Indigenous people have been forgotten throughout history, and yet the survivors today still stand resilient in America to keep their presence known and to fight for their rights. According to the National Congress of American Indians, the total Native American population is 2.9 million or about 0.9 percent of the US population. While the population is small, the statistics of violence against their communities is immense. The organization reported that the rate of aggravated assault among American Indians is roughly twice that of the country as a whole (600.2 per 100,000 versus 323.6 per 100,000). Also, Indian youth have the highest rate of suicide among all ethnic groups in the US and is the second-leading cause of death for Native youth aged 15-24.
Eva Baudler, junior English and history major, sat down with me late on a hot Thursday night to share her experience with her summer internship. Her quirky and bright heart lit the air as she explained to me she was expecting an internship consisting of simple paperwork at Honor the Earth. The organization is a non-profit founded to raise awareness and financial support for Indigenous environmental justice through art. Laughing to herself, she told me that she experienced the opposite when she arrived at the White Earth reservation in Minnesota. When she met Winona LaDuke, the head of the organization, she threw Braduler straight into manual labor side by side with the Indigenous community on the reservation.
Before going into her full experience she gave me full context of the issues that Indigenous people are facing today. With pipelines being built in the middle of reservations, many took to protesting, but rejected the label of being a protestor and called themselves water protectors instead. The word takes away the colonizer connotations when in reality Indigenous people are just protecting their land and way of life.
Honor the Earth uses artwork such as handmade beadwork and sowing made by Indigenous women to help raise money for the reservation. The art also acts as a form of therapy for Indigenous women as Eva explained to me that they experienced many forms of abuse and trauma. Baudler’s main struggle with grasping Indigenous people struggles was the fact that their voices were not heard. For her, this is her chance to tell the story of many Indigenous peoples’ struggles.
Indigenous peoples’ voices are being ignored. Women go missing and police reports aren’t filed for months; while on the other hand, we can see mass news coverage on white people who go missing. The government and media never give attention to Natives. There are large statistics being ignored about Native people as well. All statistics about the American public are amplified on reservations. We have shirt sizes that went up to 5XL because obesity and diabetes were rampant, along with alcoholism.
There were so many strong and powerful women running this organization and there were a lot of men too who were helping with hard work, but the women were the brains of the operation. It was very common for Indigenous women to go missing and never have any news coverage at all. It’s awful because people were not able to find closure for their loved ones. They don’t receive support from the predominantly white towns outside of the reservation either as they’re usually given the cold shoulder. I remember when I was walking in a restaurant with Winona and we were immediately stared at. People moved closer to our table to confront us and show microaggressive signs. It gave me a look into how Indigenous have to navigate their lives on a daily basis.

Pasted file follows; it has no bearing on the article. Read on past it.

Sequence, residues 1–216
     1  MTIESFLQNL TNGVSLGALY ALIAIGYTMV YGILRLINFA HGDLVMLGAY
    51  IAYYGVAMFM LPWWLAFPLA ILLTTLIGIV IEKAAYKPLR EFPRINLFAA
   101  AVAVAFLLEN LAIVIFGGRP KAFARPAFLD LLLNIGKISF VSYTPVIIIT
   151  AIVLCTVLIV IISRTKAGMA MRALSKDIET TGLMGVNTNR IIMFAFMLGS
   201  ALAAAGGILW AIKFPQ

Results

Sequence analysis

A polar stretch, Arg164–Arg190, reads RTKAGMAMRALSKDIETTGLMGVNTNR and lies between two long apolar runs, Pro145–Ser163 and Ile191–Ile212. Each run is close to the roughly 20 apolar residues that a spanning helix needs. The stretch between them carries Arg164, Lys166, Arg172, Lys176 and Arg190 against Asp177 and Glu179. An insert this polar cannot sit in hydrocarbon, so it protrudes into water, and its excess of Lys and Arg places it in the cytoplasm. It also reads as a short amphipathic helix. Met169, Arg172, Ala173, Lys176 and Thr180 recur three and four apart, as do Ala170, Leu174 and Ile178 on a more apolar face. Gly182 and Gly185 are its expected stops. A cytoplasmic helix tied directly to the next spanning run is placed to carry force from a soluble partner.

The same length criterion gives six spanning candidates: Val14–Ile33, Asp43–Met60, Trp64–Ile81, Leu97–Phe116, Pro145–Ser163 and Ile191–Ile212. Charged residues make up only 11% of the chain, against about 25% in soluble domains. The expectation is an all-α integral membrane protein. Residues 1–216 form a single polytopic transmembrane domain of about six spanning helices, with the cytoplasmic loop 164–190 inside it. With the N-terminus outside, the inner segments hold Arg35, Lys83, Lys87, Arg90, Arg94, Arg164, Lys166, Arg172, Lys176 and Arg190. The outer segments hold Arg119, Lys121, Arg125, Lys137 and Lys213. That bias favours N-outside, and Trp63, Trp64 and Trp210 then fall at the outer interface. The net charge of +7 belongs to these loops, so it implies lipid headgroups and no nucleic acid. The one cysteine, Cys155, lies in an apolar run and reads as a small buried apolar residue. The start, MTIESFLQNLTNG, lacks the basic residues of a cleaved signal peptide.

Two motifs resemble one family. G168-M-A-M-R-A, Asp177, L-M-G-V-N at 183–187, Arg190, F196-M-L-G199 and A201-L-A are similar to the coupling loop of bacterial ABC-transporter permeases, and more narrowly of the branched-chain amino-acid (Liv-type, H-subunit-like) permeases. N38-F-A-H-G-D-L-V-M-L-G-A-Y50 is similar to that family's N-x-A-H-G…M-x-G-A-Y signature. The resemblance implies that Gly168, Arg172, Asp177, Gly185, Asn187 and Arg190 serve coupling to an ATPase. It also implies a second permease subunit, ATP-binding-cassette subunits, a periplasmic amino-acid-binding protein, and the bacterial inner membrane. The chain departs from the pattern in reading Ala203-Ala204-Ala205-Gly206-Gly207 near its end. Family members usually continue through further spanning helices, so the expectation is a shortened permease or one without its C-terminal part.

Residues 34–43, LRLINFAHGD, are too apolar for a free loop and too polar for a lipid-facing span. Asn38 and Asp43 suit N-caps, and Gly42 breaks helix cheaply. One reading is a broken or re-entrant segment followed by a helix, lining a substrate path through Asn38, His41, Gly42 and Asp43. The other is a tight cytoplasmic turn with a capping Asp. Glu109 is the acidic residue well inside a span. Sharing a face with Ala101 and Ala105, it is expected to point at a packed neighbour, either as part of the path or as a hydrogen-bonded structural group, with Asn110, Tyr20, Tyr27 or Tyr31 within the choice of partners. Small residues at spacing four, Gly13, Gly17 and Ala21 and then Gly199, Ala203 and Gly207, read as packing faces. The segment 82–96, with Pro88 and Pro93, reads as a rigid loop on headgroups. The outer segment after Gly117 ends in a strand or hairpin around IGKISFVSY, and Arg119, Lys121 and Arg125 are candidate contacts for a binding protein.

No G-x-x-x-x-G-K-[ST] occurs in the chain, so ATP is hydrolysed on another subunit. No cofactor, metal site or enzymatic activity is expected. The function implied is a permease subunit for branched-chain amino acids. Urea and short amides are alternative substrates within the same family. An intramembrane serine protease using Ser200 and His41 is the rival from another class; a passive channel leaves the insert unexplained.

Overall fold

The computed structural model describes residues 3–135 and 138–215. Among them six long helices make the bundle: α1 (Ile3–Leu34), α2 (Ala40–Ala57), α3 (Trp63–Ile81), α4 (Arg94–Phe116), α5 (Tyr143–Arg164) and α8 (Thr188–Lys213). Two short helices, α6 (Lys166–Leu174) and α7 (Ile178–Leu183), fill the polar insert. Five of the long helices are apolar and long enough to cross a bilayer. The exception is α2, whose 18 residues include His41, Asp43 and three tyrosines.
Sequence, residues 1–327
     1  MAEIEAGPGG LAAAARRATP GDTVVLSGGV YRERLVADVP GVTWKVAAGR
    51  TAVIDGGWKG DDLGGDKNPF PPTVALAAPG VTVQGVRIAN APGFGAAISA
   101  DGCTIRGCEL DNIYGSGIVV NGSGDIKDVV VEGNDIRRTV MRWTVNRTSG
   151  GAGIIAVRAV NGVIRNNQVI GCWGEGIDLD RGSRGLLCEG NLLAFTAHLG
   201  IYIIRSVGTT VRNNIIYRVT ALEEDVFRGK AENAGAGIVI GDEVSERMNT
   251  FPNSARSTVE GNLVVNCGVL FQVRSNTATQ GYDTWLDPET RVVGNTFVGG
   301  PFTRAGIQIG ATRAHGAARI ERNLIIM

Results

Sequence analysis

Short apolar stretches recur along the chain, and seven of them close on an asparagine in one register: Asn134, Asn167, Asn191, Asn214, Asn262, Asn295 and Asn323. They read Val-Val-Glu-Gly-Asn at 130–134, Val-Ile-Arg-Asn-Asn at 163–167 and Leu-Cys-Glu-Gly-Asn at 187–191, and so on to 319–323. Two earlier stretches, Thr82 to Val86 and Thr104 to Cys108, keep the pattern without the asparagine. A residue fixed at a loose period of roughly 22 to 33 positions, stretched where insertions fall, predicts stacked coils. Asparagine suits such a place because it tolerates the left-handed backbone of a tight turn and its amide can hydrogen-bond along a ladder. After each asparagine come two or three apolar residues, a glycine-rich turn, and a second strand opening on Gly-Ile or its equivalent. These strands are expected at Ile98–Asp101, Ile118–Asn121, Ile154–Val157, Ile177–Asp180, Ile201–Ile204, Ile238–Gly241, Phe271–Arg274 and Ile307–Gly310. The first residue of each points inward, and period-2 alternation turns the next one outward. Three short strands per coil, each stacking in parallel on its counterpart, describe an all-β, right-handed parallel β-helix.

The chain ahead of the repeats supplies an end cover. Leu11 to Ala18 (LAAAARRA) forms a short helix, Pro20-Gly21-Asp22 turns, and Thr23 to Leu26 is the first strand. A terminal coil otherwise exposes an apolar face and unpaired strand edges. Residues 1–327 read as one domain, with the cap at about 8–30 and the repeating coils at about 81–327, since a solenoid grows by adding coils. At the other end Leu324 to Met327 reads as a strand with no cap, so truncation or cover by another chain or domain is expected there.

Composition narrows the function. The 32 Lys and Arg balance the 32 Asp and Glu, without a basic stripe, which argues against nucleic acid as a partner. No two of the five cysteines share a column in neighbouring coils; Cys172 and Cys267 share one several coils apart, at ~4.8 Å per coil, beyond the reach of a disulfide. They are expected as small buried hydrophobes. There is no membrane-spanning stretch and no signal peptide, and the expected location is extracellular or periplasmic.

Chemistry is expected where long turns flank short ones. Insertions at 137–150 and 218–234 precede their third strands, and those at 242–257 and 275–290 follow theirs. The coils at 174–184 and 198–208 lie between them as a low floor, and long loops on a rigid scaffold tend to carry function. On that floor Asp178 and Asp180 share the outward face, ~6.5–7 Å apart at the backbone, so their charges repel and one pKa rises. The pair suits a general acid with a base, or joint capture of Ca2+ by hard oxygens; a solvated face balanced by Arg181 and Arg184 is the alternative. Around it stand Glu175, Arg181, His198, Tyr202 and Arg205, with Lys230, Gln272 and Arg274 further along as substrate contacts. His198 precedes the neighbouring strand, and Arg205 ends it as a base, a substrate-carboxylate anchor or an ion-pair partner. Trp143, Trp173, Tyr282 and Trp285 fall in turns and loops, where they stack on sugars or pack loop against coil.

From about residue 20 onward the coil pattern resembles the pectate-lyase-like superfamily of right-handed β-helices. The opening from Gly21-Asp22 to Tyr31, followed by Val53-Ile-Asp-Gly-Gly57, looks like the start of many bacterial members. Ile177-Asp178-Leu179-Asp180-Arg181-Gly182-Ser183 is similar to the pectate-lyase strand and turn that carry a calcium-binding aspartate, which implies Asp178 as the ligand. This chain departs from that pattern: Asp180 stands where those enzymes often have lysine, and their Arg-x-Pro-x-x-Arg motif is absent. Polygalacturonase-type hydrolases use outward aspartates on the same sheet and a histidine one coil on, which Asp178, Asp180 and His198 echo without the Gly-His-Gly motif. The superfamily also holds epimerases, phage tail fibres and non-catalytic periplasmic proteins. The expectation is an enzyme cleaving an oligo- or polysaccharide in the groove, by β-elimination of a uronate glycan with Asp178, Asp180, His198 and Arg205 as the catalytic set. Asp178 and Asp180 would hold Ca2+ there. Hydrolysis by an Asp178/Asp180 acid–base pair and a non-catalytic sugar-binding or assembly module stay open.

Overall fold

When I was in Minnesota, I realized that the service I was doing came from a place of privilege because I was doing it as a choice. I would eventually return to my privileged college life where I could choose where I dedicate my time to, but for these people, it’s their life. They were simply satisfied with a couple of meals a day and spending time with loved ones. The kind of life away from all of the superficiality and complaining forced me to check my privilege as I watched these people who knew their limits fight the impossible every day.
Many Indigenous people revert to drug use to cope with their stressful and trauma-filled lives. One particular boy I met lost his mother in February due to an overdose. The reason that she became addicted was that a white drug dealer from a larger city came to the reservation to capitalize on the Native Americans’ vulnerability to addiction. This dealer did not get caught until half a year later when the police finally got around to serving the kid’s mother justice. What’s worse is that the kid would self-harm with rocks in front of her grave to cope with her death. He blamed himself for his mother’s passing because he thought that he could actually break the cycles of trauma and addiction that he witnessed on the reservation. This trauma has been passed down from generation to generation while the government has stood there and done nothing, which they have gotten used to while still persevering.